Yay - they let me out! I went, fully prepared to serve on the petit jury if they chose me but, ugh. It looked to be a nasty little civil case whose outcome, I am very glad to say, rests in someone else's hands. So I am treated to an afternoon off, and it looks like I might grab a friend and go see Ang Lee's new movie, "Lust, Caution."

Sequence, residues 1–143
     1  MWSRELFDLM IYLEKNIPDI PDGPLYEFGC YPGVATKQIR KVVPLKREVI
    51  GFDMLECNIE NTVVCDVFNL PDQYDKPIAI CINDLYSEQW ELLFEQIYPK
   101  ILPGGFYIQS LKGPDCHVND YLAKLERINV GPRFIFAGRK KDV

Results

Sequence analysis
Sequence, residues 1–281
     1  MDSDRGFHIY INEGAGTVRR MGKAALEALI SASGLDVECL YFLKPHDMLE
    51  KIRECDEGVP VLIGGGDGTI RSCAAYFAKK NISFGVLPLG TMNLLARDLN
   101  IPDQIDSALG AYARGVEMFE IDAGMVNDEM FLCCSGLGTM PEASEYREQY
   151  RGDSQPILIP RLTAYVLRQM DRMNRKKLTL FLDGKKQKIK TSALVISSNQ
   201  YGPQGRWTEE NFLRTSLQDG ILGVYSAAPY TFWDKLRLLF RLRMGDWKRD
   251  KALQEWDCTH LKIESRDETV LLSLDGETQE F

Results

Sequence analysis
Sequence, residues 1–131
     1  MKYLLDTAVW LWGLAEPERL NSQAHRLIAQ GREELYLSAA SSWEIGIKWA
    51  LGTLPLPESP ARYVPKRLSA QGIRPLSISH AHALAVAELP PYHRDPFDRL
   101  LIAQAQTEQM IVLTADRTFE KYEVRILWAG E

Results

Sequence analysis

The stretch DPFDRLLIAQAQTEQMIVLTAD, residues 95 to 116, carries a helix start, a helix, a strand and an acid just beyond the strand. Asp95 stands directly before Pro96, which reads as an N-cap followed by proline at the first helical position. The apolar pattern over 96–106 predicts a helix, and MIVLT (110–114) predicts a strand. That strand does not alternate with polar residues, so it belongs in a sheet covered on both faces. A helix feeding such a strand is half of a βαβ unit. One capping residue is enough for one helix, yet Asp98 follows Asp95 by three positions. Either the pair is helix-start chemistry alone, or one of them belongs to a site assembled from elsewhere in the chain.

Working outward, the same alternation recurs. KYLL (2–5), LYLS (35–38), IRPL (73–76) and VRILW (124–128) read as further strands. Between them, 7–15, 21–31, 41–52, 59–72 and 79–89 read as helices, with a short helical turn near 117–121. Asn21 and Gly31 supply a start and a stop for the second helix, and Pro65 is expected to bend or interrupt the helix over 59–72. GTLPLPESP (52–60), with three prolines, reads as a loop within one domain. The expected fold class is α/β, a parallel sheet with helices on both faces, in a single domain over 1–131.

Meanwhile, I thought I would share with you some thoughts I had upon hearing this story on NPR this morning. The very first thought I had was: I wonder if the Bush administration will ever be held to account for its war crimes, and if so, how long will it take? Some time ago (in another universe, it seems!) I mentioned in a blog conversation that I thought the Bush administration's crimes in Iraq were going to be a moral shame that we Americans will have to reckon with for generations to come, not unlike what the Germans are still having to do with regard to Hitler and the Nazis. Naturally, shrieks of outrage ensued from the nest of righties that I happened to be embroiled with at the time, and I was roundly excoriated for being a lefty-traitor-loser-despicable-terrorist-loving-fringe-lunatic, etc., which, strangely enough, still appears to be the consensus of opinion in those circles to this day. Then Frank Rich wrote his column about The 'Good Germans' Among Us and he said essentially the same thing I was arguing only, of course, he said it much better. There's a really interesting discussion of Rich's column and the issues he raises over at D.Sidhe's place in which she posits (I think) that average, every day Americans who are consumed with the burden of just getting by in our lives can't be expected to know the extent of the Bush administration's criminality and mendacity, given the power structure that is in place to hide and obfuscate, and while I appreciate her point, I still find myself feeling a dreadful foreboding about the future of our country post-GeorgeW. I think what I am afraid of is that the damage this administration has wrought is far more extensive and long-lasting than we have yet begun to understand. And I wonder how long it will take for Americans to find the moral courage necessary to do whatever it takes to find our way out of this wasteland. Personally, I think the criminal conviction of George W. Bush, Dick Cheney and Donald Rumsfeld is only one step, but a crucial one. What do you think?